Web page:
If the death happens in a public place, call an ambulance for medical assistance. The person will be taken to a hospital, which will assist with the registration process.

You may wish to contact a funeral service to arrange for body collection, embalming, and final rites.

If the body is at the mortuary, the doctor may suspect unnatural or violent causes of death, or the cause might be unknown. The doctor will report the death to the police, who will refer the case to the coroner. The body will be kept for further investigation. The coroner and police will review the case, consider an autopsy, and inform the "next-of-kin" when they can collect the body.

A doctor will certify a death, but the digital death certificate must be downloaded from the My Legacy website.

Only the following people are considered "next-of-kin" and can download the certificate:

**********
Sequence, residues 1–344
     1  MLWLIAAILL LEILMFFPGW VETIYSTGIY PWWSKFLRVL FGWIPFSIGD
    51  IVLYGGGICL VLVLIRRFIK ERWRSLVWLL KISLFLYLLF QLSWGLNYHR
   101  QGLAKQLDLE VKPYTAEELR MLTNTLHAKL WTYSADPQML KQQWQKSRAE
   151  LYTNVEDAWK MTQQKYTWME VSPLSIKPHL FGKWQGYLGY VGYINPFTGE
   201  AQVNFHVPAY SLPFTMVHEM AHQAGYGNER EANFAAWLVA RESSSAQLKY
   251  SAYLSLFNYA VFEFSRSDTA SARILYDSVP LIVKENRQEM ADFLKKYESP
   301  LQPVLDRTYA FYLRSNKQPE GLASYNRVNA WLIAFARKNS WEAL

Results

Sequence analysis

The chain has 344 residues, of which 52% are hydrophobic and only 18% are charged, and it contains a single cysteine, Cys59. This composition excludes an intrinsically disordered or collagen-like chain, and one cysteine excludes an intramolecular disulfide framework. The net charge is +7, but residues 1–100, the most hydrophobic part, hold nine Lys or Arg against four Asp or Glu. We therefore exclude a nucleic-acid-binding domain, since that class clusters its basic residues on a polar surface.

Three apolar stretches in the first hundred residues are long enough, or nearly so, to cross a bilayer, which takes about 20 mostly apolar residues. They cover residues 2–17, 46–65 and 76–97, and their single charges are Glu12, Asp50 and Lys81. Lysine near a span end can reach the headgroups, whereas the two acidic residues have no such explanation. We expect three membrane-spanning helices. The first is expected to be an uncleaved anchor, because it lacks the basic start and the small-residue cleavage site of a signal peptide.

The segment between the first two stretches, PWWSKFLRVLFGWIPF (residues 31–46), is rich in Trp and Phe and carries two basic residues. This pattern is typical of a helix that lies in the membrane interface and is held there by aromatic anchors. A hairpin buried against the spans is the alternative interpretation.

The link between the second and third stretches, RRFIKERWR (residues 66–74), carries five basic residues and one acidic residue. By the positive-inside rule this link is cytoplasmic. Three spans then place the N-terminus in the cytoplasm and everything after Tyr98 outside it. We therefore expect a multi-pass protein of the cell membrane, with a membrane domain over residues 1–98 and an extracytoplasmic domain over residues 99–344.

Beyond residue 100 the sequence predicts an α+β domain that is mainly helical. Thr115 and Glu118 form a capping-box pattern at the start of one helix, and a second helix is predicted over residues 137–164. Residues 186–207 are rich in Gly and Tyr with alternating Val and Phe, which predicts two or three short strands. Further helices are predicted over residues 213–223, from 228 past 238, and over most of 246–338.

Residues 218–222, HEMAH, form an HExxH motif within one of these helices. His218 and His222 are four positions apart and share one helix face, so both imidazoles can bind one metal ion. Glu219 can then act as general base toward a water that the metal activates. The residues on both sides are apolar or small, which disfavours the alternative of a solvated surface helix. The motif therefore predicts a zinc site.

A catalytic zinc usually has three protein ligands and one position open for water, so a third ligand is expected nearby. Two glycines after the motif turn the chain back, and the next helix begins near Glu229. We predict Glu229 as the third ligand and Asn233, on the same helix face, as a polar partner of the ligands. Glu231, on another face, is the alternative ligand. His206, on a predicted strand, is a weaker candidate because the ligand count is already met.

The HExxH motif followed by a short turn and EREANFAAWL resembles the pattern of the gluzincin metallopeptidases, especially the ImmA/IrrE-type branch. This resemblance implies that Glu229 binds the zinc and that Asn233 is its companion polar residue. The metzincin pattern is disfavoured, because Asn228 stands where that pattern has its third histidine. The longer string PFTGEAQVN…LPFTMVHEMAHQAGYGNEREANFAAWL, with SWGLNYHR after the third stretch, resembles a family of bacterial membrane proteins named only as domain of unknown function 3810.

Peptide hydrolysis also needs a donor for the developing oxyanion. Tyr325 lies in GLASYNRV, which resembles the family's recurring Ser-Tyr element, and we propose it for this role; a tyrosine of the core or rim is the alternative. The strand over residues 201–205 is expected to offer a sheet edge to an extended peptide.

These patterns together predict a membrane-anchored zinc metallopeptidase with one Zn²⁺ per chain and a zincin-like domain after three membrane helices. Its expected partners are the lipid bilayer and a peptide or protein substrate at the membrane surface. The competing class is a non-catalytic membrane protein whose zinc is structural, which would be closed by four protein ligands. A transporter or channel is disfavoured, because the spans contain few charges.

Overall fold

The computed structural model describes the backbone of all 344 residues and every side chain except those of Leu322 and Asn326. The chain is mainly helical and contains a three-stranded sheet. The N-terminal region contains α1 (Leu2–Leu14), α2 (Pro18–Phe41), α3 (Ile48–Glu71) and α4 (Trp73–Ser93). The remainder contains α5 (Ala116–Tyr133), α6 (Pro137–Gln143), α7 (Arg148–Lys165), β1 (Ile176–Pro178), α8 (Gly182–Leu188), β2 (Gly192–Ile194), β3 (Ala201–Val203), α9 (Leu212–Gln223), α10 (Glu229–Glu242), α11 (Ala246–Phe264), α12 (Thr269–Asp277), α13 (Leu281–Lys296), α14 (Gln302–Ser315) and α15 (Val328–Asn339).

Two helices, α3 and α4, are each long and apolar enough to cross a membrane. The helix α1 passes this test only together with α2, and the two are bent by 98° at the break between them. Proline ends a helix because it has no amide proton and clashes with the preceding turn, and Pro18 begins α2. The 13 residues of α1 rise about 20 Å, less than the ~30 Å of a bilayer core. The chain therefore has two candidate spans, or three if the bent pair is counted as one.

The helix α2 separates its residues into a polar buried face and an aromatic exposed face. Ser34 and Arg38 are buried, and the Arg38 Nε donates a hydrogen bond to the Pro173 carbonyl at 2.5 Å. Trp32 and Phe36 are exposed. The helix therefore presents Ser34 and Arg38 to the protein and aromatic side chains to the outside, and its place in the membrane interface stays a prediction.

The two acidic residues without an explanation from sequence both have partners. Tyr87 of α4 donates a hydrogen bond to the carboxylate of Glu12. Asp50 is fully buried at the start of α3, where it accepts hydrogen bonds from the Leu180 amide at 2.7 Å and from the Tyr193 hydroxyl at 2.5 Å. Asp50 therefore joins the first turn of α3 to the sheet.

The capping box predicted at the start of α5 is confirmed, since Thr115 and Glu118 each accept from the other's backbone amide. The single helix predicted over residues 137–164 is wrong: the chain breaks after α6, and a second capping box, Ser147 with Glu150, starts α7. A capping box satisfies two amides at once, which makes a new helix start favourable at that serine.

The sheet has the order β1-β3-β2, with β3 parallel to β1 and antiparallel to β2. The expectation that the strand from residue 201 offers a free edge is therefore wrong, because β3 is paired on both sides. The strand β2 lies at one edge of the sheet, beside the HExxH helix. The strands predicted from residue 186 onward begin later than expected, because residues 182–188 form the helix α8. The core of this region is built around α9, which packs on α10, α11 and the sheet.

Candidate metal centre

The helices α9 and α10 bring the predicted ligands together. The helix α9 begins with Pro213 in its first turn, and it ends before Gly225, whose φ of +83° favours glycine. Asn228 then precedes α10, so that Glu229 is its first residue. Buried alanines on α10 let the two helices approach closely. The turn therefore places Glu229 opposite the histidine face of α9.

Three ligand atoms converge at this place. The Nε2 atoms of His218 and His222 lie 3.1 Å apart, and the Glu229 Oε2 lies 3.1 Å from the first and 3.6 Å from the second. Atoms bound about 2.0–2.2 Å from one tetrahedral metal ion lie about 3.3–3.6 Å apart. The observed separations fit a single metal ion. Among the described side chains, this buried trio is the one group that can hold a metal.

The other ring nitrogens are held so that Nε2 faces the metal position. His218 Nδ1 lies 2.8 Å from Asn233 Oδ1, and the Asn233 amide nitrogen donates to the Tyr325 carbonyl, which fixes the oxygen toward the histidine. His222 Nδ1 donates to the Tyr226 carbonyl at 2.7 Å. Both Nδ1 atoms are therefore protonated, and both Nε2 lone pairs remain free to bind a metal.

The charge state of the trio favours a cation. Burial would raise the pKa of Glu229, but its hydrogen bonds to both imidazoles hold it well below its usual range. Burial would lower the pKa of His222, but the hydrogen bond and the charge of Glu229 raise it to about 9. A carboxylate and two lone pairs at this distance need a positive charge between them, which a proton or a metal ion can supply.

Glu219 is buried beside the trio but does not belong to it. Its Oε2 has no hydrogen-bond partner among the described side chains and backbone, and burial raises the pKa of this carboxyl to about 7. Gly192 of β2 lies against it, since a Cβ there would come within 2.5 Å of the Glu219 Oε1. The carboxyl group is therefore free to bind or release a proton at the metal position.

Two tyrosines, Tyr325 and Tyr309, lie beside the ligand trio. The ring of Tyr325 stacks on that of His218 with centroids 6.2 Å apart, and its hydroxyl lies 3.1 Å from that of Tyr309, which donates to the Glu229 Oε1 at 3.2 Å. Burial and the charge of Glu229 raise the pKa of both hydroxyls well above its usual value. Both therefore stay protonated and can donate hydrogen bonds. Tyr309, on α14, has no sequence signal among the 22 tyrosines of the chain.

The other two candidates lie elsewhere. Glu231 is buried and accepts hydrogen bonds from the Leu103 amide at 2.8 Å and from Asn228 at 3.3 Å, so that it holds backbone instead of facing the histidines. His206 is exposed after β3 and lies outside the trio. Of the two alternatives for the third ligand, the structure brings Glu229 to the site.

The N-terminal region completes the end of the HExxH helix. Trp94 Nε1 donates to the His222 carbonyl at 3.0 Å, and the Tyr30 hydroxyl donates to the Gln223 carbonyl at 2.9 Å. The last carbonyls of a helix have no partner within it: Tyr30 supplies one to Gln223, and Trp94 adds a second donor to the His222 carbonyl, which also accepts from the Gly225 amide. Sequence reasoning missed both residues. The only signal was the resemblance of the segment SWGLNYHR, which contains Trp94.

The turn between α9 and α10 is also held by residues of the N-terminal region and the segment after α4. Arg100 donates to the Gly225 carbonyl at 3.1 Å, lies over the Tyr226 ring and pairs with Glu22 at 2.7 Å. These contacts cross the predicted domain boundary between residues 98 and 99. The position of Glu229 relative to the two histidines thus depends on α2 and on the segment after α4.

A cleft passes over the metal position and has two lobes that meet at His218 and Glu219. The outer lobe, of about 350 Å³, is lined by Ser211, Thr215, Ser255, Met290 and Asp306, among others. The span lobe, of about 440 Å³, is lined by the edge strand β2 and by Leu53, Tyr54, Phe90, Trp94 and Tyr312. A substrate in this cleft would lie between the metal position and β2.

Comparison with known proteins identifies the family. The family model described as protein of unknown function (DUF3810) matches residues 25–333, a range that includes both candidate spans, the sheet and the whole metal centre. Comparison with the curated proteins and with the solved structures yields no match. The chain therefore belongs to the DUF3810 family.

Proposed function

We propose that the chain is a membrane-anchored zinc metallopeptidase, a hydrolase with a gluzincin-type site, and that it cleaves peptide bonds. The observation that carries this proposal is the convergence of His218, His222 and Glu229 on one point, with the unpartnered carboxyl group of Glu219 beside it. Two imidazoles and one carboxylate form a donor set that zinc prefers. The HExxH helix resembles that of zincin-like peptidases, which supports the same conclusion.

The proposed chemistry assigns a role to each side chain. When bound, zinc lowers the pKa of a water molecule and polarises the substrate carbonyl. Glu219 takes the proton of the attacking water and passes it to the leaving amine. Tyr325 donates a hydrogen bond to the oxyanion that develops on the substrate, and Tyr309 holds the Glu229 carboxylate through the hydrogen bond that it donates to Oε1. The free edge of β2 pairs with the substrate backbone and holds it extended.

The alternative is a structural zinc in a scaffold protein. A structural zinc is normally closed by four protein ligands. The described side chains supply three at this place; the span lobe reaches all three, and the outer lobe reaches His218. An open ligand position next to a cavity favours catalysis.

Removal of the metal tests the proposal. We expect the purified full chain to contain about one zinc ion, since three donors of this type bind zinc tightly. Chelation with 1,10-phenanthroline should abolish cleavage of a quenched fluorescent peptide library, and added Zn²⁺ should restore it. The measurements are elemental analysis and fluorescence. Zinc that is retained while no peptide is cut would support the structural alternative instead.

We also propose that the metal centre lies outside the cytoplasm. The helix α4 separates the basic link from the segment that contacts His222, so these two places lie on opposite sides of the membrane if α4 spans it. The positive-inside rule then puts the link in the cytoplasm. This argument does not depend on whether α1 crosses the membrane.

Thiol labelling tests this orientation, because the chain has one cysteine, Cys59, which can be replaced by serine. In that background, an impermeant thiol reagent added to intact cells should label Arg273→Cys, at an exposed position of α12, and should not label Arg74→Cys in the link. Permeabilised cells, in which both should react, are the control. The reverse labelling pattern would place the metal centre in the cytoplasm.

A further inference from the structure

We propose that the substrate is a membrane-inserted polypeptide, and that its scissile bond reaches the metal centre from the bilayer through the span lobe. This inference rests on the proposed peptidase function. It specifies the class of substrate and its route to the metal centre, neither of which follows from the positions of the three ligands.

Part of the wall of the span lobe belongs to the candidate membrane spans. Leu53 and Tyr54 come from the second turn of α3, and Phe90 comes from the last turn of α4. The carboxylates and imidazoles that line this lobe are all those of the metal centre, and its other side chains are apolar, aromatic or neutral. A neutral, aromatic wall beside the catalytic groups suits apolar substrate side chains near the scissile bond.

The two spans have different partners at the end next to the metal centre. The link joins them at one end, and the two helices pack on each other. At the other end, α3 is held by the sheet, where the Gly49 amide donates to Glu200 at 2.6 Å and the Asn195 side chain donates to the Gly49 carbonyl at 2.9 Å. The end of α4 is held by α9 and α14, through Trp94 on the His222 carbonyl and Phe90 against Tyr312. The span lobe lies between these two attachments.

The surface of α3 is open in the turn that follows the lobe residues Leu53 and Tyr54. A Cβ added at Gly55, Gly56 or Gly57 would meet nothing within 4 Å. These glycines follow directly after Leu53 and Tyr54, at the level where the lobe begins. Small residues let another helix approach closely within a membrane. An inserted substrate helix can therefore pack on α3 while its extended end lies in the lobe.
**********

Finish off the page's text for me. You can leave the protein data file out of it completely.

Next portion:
• Spouse
  • Parent
  • Child
  • Sibling
  • Grandparent
  • Grandchild
  • Aunt/Uncle
  • Niece/Nephew

If you're not a "next-of-kin," you can download the certificate with authorization or permission from someone on the list.

Declare your relationship to the deceased or show the authorization before downloading the digital death certificate.

Visit: here. If someone lacks all the documents, they can do a fees payable Search for Death Record with the following information:

  • Date of death or approximate period of passing
  • Full Name
  • Gender
  • Valid email address (for receiving search results) 

To facilitate the search:

  • Place or address of death
  • Last known address

After the death is certified, you'll get a printout with the death document number, deceased's ID number (used during certification), and date of death.
This printout is required for applying for cremation or burial services.

You need permission for:

  • Cremating the body
  • Burying the body
  • Placing remains in a niche
  • Inland ash scattering
  • Retaining the body for more than 7 days

Apply online at the NEA website.